Wood Floors

Most vintage trailers have pretty bad floors. There are several options including laminate wood, vinyl, and carpet. I like laminate wood because it's fairly easy, they look beautiful and it lasts along time.


It's best to start in the back left, in the deepest recess on the trailer. Remove any loose tiles, nails, or what ever else is in the way. It's best to do your floors last so you will keep from messing them up. Wood floor manufacturer's recommend putting down a moisture barier before installing the floor. This is NOT an issue in trailers. The real purpose for the barier is to eliminate clicking sounds when you walk on the floor. If you're concerned about clicking, go ahead and install the barrier.


The biggest trick in doing these floors right is to make sure you're starting with a good straight line of boards before you start across the floor.
To do this, start cutting your boards for the recess, then proceed laying them out all the way to the front BEFORE YOU START NAILING THEM DOWN. This will ensure that when you begin going across the floor, that they are going to line up without any gaps.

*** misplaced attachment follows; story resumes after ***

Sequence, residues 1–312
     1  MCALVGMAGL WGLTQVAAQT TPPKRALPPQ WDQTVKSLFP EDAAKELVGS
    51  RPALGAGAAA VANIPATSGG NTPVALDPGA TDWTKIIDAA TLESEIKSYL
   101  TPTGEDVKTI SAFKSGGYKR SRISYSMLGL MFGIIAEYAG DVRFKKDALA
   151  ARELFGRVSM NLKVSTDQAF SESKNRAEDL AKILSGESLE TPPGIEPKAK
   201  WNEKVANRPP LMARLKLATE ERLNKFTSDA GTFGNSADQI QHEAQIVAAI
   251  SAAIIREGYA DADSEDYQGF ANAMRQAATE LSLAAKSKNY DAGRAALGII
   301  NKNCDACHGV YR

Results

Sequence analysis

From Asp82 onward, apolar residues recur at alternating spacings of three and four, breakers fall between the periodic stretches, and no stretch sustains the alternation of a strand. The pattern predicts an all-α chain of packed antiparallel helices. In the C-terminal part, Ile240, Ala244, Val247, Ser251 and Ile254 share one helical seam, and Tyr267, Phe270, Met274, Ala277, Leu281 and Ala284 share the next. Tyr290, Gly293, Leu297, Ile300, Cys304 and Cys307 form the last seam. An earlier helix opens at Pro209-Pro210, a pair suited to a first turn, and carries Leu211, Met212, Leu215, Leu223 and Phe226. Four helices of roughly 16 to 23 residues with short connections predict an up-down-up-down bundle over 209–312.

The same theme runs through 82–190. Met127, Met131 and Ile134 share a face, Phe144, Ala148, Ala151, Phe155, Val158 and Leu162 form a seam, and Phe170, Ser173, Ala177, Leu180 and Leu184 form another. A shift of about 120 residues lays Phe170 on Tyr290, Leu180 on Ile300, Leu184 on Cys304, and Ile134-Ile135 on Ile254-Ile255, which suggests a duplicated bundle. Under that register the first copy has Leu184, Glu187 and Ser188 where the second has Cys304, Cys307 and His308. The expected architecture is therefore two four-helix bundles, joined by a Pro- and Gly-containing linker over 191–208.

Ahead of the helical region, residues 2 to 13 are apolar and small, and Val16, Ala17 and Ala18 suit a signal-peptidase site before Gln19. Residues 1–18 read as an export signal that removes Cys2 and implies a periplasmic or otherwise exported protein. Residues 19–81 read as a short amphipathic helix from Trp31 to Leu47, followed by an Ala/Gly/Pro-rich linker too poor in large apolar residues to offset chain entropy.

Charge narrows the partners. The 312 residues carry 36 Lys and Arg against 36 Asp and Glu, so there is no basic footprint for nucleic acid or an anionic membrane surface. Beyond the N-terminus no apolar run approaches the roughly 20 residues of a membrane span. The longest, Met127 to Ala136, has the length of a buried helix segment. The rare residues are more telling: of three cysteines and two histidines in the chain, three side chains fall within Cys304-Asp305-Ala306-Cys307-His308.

The pieces snap together with a tongue and groove system.



You'll normally want the pieces to be staggered so that you don't have two seems together as in this picture. Since the wood I bought is so narrow (3" wide) I'm installing two pieces together to speed up the process.
When you come to an area that needs to be notched, measure the size of the notch and strip off whatever is required. You're going to put in a molding around the edge so perfect cuts and fits are not required.

Use a screw driver to pry the pieces together.

Use a wood block and a hammer to tap them together. This will help keep from damaging your new floor.

When you have the first row all connected and laid out, you can start stapling them down. Use 1-1/2" staples. Staple only around the edges. If you don't have a pneumatic stapler, use 1-1/2" nails.


To create the staggered effect, I only needed to have 6" pieces every other row. This is the annoying part of the job because you have to waste an entire board just to stagger them. Hopfully you'll be able to use the waste on the doorway. This is why I only staggered them by 6".


When you get to the threshold of the door way, you'll find that every trailer has a different molding that was used and it probably wasn't designed to be used with wood, so you just have to get creative. Here I've used a carpet runner and just screwed it down. It worked real nice.


Lastly, you install the molding. The trick to making this look good is to hide the ends of the molding by placing molding in front of the edges from the most visible areas. Here I used 1" molding, cut it with a jig saw and stapled it down with 1-1/2" staples.


And it's a beautiful thing. Let's go kill some deer!








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